Apple Watch Heart Rate Accuracy


I have been working with Scosche Industries as a consultant, assisting Scosche in testing and the development in their optical heart rate monitoring starting with MyTrek, then Rhythm 1.5, and now our latest and greatest optical heart rate monitor, the Scosche Rhythm+.  Over the 3 generations of Scosche heart rate monitors I have gotten a pretty good idea of what is needed to make optical heart rate monitors accurate, and equally important what makes accuracy fail.  I intend to give Apple the benefit of the doubt when it comes to their development of an accurate wrist solution for continuous heart rate monitoring in the Apple Watch, although I see some potential “hurdles” to overcome.  If anyone can overcome these “hurdles” it will be Apple, and I can’t wait to see how they deal with these potential issues.

Hurdle #1

The Apple watch is a substantial device in weight with a high center of gravity - especially compared to the Rhythm+    

I’m using the Rhythm+ as a benchmark for optical heart rate accuracy since it is the most accurate product on the market that I’ve tested.  I do know this from my testing - More weight and a high center of gravity = more movement on the skin which will affect the accuracy of the signal generated from the photosensor(s) on the bottom of the Watch.  This will not be a problem when you are sitting still at the desk, intimately “texting” a live heart beat to your girlfriend (aww), but it will certainly be an issue when you are exercising.  For example, every bump you hit on the bicycle or movement of the wrist can move the heavy watch and throw off the photosensor’s accurate signal and thus impact accurate data collection.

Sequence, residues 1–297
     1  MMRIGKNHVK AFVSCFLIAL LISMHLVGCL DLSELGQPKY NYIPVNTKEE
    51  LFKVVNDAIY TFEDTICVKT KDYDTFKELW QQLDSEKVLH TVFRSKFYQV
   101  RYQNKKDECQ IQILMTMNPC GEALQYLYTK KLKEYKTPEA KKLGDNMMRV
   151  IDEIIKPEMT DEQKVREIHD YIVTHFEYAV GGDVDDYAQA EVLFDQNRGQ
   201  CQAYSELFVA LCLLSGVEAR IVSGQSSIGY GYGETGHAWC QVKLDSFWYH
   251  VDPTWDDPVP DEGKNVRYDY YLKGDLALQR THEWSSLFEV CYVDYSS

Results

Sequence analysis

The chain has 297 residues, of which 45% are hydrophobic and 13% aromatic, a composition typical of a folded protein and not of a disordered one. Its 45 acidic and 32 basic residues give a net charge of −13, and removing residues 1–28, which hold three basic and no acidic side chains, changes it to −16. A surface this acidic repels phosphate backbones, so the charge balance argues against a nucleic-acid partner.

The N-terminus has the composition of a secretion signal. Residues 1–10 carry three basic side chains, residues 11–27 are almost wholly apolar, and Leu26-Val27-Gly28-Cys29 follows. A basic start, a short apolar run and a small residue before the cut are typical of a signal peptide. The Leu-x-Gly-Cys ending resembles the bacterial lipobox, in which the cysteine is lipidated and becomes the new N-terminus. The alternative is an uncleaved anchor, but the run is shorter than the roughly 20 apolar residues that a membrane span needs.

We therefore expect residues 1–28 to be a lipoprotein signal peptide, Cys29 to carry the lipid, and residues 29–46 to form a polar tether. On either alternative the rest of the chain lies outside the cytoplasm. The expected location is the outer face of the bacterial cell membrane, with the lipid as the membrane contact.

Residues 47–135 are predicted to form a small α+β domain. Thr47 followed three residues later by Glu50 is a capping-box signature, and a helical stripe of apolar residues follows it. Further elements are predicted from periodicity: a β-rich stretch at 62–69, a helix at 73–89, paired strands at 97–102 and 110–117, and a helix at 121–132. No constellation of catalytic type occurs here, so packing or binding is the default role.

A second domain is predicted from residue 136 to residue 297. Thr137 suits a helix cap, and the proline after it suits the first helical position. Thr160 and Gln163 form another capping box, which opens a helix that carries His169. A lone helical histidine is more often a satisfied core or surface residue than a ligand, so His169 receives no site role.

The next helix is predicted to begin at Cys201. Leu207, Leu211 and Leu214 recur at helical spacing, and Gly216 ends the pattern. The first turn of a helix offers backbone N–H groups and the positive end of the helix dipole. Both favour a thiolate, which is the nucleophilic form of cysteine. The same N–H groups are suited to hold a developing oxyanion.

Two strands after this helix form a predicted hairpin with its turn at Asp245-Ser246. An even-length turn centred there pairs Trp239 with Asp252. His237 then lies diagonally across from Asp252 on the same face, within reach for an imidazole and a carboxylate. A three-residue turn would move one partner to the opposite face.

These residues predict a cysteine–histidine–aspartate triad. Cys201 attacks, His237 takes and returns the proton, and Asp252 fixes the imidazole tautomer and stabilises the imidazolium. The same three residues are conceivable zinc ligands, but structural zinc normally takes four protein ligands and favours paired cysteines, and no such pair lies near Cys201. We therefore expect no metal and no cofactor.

Hurdle #2

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Will a magnetic wristband be tight enough to keep light out?

After testing products like the Mio Link/Alpha which are wrist monitoring optical heart rate monitors, I know you need to get the wrist monitor very tight - and nearly cut circulation off at your wrist to get a good signal.  Tim Cook was actually wearing the Apple Watch above the wrist bone similar to where Mio recommends.  Even above the wrist bone there’s not much meat, and lots of little bones that distort the photosensor’s clear signal and create noise, thus throwing off the algorithms.  Bottom line is, that and optical heart rate wrist band needs to be tight, especially because of Hurdle #1!  I have gotten great results testing the lightweight, low center of gravity Rhythm+ on the wrist, but on the forearm or upper arm is the most accurate location due to a clear signal that is generated on a meatier location on the body.  Less noise in the signal = more accurate heart rate #.  The forearm also has a larger diameter and we have had great success with the Rhythms’ breathable, flexible velcro strap for both accuracy and comfort.

Hurdle #3

2 Green LED’s vs. 2 Green + 1 Yellow LED

In our testing at Scosche with Valencell, we found that to get a good signal on ALL skintones Valencell added a Yellow LED which penetrates deeper into the skin than green LEDs.  Green lights are most effective for measuring just below the surface of the skin and have been proven to NOT work very well when used alone with darker pigmented skin. When used in combination with the yellow LEDs, the green and yellow tones combine to accurately read through all skin tones.  From what I can see, the Apple watch only has 2 green LED’s so it is unclear to me if it will be accurate with all skin tones.